By Susan Rittereiser
In November, 1960, as the Civil Rights Movement began to sweep the country, UT student, Chandler Davidson, was approached by another UT student, Houston Wade, to lead the Students for Direct Action or SDA to peacefully and lawfully integrate businesses along the UT Drag. Davidson was well-known on campus as an outspoken champion of civil rights and desegregation, which he often wrote about in his popular column “Beware the Jabberwock” for the Daily Texan. Having little success with integrating cafes and lunch counters (the lunch counter or restaurant would simply close down for the day thus ending the protest), the SDA decided to turn its attention to movie theaters. The inspiration for this approach came from the fact that although UT classes had been desegregated for a few years by this point, African American students were unable to watch films they would be assigned as part of a class assignment, therefore they were unable to complete their assignments. The majority of movies for these assignments were shown at the Texas and the Varsity Theaters. In an age before the vast array of movie viewing options we enjoy today--cable, online streaming, on demand, DVD’s, etc.--these theaters were the only places in town where the students could watch particular films. (AS-60-27281-17)
In early 1961, a small, biracial group of about 20 individuals began a series of “stand-ins” (a variation on the “sit-in”) at the Texas and Varsity Theaters on the UT drag. These theaters were where the vast majority of movies for assignments were shown. And, the Texas Theater was located right down the street from the YWCA where the group held meetings. SDA protestors would stand in line to purchase a ticket. When they approached the ticket counter, they would ask the ticket person if the theater sold tickets to all Americans. When the ticket person inevitably replied “no”, the protestor would return to the back of the line and the next person would step up to the counter and ask the same question. The intent was to jam up the line in order to prevent others from buying tickets, thus denying revenue to the theaters.
As protestors stood in line, picketers would carry protest signs, like the one shown here, in front of the Texas Theater. At the time, the Texas was owned by Earl and Lena Podolnick’s Trans-Texas Theaters, Inc. The Varsity was owned by ABC--Paramount based in New York City. This new form of protest began to garner national attention. Former First Lady, Eleanor Roosevelt, who was still publishing her nationally syndicated “My Day” column in her mid-seventies, personally thanked the students, “…for making the effort to bring about the end of this kind of segregation”. Stand-ins were soon being emulated nationwide.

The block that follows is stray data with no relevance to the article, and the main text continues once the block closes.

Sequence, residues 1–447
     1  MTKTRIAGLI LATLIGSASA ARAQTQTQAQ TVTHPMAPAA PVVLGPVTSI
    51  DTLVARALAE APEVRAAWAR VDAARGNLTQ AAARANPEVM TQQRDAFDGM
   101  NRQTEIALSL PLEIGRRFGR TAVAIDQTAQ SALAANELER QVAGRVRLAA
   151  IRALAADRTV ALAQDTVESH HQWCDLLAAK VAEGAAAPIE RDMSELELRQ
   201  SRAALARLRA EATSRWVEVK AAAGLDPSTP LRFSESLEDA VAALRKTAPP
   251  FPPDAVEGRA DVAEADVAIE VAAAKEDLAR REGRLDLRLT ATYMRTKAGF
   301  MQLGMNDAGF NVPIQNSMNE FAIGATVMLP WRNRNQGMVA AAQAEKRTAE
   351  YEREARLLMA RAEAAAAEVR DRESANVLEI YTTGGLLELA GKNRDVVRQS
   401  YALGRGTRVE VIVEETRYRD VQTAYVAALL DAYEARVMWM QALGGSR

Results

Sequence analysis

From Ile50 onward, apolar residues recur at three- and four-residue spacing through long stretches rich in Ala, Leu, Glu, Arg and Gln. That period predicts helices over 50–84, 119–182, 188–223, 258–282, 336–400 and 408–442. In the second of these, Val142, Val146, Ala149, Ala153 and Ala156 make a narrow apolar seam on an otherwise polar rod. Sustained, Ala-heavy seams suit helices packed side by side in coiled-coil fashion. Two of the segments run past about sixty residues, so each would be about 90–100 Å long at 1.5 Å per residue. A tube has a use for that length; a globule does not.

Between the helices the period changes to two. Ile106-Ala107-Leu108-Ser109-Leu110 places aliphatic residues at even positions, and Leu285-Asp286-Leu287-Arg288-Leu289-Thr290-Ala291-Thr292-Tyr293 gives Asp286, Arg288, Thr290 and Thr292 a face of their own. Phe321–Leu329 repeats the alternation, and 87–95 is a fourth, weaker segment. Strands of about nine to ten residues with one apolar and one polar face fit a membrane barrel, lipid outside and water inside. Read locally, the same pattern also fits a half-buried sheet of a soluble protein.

The rapidly growing SDA organized two to three stand-ins per week with about 150 participants per protest. The most ambitious of the stand-ins was held on Abraham Lincoln’s birthday, February 12, 1961. Hundreds of people lined Guadalupe Street, many holding signs in support as well as in opposition. Similar protests were held that day in cities and universities across the nation. The event in Austin was heated, but for the most part peaceful by today’s standards; there was name calling and pushing, but that’s about it. Throughout the spring, the stand-in movement continued to gain momentum. On May 17, UT faculty and staff showed their support for the movement by each contributing the price of a theater ticket to pay for a one-page ad in the Austin American asking the owners of the Texas and Varsity to desegregate their theaters.
By September, 1961, the owners of both the Varsity and the Texas agreed to “come to the table”, so to speak, to discuss the issue. They agreed to a one-month trial period in which African American UT students (only those with valid ID’s) were allowed into the theaters if the stand-ins agreed to stop protesting. The owners agreed to open their doors to all if their revenue was unaffected by the change in patronage. The trial period passed without a hitch and, within a year, most of the businesses along the Drag were integrated. These theaters were among the first if not the first businesses in Austin to be desegregated. Although it is unknown when all of Austin’s other theaters integrated, it is likely that they, along with other businesses, followed suit by 1964. That year, President Lyndon Johnson signed the historic Civil Rights Act, which outlawed discrimination in public facilities, including movie theaters.
For more information about the Theater Stand-Ins, you can check out the archival collection: